Scientists have made the fourth detection of gravitational waves – ripples in the fabric of space and time – formed by the collision of two massive black holes located about 1.8 billion light-years away.
The signal was recorded on August 14 by the Virgo detector located in Italy, and the two Laser Interferometer Gravitational-Wave Observatory (LIGO) detectors located in the US.
It is the first joint detection of gravitational waves with the Virgo and LIGO collaborations.
The transient gravitational-wave signal was produced by the collision of two stellar mass black holes, researchers said.
The detected gravitational waves – ripples in space and time – were emitted during the final moments of the merger of two black holes with masses about 31 and 25 times the mass of the Sun and located about 1.8 billion light-years away.
The newly produced spinning black hole has about 53 times the mass of our sun, which means that about 3 solar masses were converted into gravitational-wave energy during the merger.
Findings from the event, known as GW170814, will be published in the journal Physical Review Letters.
With the next observing run planned for 2018 such detections can be expected weekly or even more often, Shoemaker said.
“It is wonderful to see a first gravitational-wave signal in our brand new Advanced Virgo detector only two weeks after it officially started taking data,” said Jo van den Brand from Vrije Universiteit (VU) Amsterdam in the Netherlands, spokesperson of the Virgo collaboration.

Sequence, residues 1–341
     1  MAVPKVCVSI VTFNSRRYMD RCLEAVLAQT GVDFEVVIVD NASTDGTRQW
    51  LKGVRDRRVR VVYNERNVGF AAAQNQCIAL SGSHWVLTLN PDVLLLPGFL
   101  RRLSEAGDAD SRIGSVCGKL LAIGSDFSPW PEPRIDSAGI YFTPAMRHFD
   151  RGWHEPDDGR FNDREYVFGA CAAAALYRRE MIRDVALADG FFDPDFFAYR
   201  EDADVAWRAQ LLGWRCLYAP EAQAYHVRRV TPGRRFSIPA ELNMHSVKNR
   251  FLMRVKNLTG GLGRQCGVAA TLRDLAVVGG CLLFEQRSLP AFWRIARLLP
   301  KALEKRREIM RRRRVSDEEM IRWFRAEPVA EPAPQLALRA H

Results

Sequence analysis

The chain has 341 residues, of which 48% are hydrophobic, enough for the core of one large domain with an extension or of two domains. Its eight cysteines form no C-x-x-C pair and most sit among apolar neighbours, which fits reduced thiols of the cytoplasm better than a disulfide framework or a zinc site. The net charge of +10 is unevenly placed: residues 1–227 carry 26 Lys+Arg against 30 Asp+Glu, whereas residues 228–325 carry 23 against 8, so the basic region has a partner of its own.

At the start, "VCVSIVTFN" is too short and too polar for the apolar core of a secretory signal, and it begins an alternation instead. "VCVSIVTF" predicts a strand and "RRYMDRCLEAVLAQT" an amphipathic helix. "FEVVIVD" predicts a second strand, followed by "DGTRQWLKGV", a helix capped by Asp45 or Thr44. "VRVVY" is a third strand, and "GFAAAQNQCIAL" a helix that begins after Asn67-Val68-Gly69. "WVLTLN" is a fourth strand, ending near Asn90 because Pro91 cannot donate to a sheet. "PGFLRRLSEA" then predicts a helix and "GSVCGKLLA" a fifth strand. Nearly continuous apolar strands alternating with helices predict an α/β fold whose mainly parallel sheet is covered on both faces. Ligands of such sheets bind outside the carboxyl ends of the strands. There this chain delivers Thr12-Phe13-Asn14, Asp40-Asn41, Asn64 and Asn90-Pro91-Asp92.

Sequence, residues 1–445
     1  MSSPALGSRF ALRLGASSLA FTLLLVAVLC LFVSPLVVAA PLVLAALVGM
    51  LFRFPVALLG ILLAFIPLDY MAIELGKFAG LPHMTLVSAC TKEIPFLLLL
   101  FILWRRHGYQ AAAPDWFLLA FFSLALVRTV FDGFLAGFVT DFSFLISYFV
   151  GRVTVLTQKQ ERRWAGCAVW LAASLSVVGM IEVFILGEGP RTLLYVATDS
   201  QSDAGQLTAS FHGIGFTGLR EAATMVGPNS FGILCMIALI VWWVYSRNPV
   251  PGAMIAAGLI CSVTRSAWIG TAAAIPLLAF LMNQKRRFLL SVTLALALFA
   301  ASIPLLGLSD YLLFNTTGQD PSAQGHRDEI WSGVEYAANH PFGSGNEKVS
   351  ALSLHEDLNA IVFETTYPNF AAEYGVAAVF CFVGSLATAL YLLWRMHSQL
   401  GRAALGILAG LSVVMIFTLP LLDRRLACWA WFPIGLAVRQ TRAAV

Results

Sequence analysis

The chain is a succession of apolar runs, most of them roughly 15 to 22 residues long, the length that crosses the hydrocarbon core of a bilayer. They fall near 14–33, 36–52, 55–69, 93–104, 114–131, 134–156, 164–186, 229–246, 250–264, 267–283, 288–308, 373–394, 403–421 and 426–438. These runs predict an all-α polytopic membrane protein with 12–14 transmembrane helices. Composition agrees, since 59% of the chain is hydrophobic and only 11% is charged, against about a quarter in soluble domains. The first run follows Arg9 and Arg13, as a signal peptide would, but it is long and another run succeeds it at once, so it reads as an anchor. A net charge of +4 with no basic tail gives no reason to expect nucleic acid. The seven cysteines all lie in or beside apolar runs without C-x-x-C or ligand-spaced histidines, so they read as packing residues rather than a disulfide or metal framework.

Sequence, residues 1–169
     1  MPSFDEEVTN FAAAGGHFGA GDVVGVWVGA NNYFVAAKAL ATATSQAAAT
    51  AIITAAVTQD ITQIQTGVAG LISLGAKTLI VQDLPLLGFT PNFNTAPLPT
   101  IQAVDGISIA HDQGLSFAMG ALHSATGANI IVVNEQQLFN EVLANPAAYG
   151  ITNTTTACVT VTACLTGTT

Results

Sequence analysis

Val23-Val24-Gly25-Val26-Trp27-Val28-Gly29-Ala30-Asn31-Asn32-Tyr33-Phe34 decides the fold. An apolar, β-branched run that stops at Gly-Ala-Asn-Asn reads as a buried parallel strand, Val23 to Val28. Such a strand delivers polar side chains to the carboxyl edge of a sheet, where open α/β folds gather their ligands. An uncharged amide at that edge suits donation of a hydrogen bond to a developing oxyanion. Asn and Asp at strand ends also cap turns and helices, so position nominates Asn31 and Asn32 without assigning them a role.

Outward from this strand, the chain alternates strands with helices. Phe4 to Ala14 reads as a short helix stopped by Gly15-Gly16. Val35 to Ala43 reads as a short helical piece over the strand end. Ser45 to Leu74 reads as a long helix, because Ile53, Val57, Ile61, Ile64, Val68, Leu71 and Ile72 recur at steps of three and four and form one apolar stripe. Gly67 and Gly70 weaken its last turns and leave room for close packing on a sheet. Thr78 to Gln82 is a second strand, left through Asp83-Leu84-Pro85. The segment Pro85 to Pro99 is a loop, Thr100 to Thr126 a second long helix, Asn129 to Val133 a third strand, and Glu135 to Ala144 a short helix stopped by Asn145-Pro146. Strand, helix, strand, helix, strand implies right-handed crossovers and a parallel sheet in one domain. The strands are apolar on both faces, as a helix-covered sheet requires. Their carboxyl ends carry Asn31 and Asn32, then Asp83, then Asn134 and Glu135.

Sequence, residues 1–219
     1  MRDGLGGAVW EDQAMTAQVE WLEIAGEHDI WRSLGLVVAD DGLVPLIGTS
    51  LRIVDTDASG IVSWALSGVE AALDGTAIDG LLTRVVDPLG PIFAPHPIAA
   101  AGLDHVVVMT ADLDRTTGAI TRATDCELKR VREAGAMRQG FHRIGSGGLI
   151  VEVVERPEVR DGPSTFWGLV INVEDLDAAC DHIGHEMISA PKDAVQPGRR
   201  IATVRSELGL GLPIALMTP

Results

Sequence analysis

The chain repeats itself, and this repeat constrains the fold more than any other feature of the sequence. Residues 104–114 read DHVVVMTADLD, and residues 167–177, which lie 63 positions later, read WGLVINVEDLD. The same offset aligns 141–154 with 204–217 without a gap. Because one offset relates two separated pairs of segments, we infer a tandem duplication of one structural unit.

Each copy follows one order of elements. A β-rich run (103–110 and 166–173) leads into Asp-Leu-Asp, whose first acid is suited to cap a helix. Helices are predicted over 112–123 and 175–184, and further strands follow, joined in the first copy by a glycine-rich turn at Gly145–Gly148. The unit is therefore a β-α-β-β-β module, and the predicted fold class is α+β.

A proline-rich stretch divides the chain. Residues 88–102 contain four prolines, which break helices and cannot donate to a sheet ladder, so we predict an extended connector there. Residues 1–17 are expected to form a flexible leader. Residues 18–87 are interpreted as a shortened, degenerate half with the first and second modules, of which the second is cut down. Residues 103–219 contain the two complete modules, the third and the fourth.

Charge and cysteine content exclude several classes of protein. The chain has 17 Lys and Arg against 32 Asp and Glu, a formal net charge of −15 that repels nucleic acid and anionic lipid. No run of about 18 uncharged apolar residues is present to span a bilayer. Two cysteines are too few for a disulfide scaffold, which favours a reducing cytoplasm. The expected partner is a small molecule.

Advanced LIGO is a second-generation gravitational-wave detector consisting of the two identical interferometers in Louisiana and Washington, and uses precision laser interferometry to detect gravitational waves.
It detected the first gravitational wave in February last year, almost 100 years after German scientist Albert Einstein predicted the phenomenon.
Advanced Virgo is the second-generation instrument built and operated by the Virgo collaboration to search for gravitational waves.
With the end of observations with the initial Virgo detector in October 2011, the integration of the Advanced Virgo detector began.
The Virgo detector joined the LIGO detectors on August 1 this year. The real-time detection on August 14 was triggered with data from all three LIGO and Virgo instruments.
Virgo is, at present, less sensitive than LIGO, but two independent search algorithms based on all the information available from the three detectors demonstrated the evidence of a signal in the Virgo data as well.